ROSS, SIR JOHN. (1777-1856). English polar explorer who attempted to navigate the Northwest Passage and led the third expedition in search of Sir John Franklin in 1850. ALS. (“John Ross”). 2¼pp. 12mo. N[orth] W[est] Castle, June 28, 1849. To his brother and occasional business partner George Ross (1770-?), whose son James Clark Ross was also a noted polar explorer and discovered the magnetic North Pole during the elder Ross’ 1829 expedition.
Autograph Letter Signed by the English Polar Explorer Who Led the Third Expedition in Search of Sir John Franklin
Signed by John Ross
“I am glad to find that ‘all is right’ and that you will not draw out too soon. I suppose you have not been able to get the ‘John Bull’ I want or you would have sent it to me, do you set of[f] for Dublin on or sooner after the 5th propd. – ? Or must you wait and if so how long? I suppose you do not know how long you will be absent.
Pray send again before you go to Francis to enquire for letters and the Dublin Gazette which I expect from Andrew. The [people?] here (but not me) are in dismay about the Port Patrick Packets being removed, it is a circumstance I was sure would eventually take place there is 400,000 thrown into the sea for no purpose – give my kind love to your ladies and believe me with best wishes. Your affect[tionate] brother…”
A member of the Royal Navy from the age of nine, Ross rose through the ranks, serving aboard vessels throughout the Baltic. In 1818, the Admiralty placed him in charge of an Arctic expedition in search of a Northwest Passage connecting the Atlantic and Pacific oceans. After his findings were proven erroneous by his second-in-command, William Parry, Ross was denied further funding by the navy, but he did find private financing for an 1829 expedition.
During his second arctic voyage, Ross discovered Boothia Peninsula, the Gulf of Boothia and King William Island. On the same expedition, his nephew James Clark Ross (1800-1862), who had accompanied him on the 1818 voyage as well as Parry on his expeditions, discovered the position of the magnetic North Pole, which he recounts in Narrative of a Second Voyage in Search of a Northwest Passage, etc., including the Reports of Captain James Clarke Ross and the Discovery of the Northern Magnetic Pole, published in 1835.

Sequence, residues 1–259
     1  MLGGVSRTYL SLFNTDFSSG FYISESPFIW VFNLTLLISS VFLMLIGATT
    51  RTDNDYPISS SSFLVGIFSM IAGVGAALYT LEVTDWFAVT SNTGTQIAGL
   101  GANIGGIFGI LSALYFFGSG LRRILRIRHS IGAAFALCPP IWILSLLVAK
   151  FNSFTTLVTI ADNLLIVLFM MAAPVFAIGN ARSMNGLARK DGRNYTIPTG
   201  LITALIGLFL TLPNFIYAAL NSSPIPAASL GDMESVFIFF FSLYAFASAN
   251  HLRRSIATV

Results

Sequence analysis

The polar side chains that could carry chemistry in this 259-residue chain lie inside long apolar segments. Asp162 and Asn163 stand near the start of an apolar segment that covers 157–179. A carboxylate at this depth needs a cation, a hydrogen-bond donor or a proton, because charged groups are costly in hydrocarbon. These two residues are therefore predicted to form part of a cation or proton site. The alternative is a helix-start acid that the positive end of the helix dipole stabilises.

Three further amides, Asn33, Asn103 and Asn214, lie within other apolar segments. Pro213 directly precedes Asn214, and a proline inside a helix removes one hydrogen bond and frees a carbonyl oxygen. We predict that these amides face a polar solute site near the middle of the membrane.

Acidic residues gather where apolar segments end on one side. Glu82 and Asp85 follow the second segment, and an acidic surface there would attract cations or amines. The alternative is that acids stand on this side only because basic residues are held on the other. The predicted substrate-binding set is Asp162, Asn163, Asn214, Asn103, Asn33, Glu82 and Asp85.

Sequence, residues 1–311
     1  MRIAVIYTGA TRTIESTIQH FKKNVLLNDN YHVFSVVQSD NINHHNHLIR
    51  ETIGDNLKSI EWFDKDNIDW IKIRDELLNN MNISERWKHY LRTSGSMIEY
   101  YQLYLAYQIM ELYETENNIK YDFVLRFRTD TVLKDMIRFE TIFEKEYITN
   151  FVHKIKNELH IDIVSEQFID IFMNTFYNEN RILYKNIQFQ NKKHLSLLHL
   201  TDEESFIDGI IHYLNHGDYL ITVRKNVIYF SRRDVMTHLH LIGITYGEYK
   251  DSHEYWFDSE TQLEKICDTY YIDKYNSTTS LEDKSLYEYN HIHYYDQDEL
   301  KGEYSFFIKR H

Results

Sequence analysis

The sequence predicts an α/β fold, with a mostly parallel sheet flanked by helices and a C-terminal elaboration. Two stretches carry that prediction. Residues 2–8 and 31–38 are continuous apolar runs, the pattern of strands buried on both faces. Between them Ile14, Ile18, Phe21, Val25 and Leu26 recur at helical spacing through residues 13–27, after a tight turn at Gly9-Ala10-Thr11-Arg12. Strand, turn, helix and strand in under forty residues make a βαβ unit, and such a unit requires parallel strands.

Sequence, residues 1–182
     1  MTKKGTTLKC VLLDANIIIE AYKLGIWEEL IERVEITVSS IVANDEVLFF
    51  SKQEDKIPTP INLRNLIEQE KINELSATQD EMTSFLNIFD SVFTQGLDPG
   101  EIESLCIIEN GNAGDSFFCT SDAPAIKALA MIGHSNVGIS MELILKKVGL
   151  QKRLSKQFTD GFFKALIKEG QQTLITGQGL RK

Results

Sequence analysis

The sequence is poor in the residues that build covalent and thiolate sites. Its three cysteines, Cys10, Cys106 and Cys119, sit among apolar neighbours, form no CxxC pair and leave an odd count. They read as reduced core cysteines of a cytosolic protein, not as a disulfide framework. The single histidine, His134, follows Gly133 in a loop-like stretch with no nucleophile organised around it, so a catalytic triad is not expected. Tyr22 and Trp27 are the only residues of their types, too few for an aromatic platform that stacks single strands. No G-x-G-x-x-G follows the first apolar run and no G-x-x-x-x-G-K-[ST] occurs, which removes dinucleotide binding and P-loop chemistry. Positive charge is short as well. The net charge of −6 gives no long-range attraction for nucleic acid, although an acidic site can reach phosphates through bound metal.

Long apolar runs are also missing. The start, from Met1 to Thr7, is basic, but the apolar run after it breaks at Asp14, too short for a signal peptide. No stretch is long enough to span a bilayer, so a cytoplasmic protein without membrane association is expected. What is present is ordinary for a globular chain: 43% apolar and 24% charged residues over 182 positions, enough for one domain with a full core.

In 1850, at the age of 72, Ross embarked on a third and final Arctic voyage to search for the missing crew of Sir John Franklin, lost four years earlier – a journey funded by Franklin’s indefatigable widow, Lady Jane. After that voyage he quit the sea and devoted himself to writing and acting as a language consultant to the government during the Russian Baltic crisis.
His nephew, James, went on to enjoy a celebrated career as an explorer, commanding his own expedition from 1839-1843 at the helm of the HMS Erebus, during which the “Ross Expedition” charted much of the Antarctic coast and discovered the Ross Sea. During the year of our letter, the younger Ross commanded an expedition in search of Franklin at the helm of the HMS Enterprise.
Portpatrick is located on the West coast of Scotland, near Ross’ birthplace, and was an important ferry port delivering mail, freight and passengers between Scotland and Ireland. Our letter mentions the cessation of the packet between Portpatrick and Donaghadee which ended on July 16, 1849.
John Bull is a character originated in the early 18th century by Satirist John Arbuthnot, a friend of Jonathan Swift. Usually depicted as a stout, middle-aged man in a frock coat, the image lost its negative connotations and by the 19th century had come to be used as a national symbol. It became so popular that it was often adopted for branding purposes by companies including 19th century brewers.
Written in a minute hand on a folded sheet and docketed on the integral leaf; in fine condition.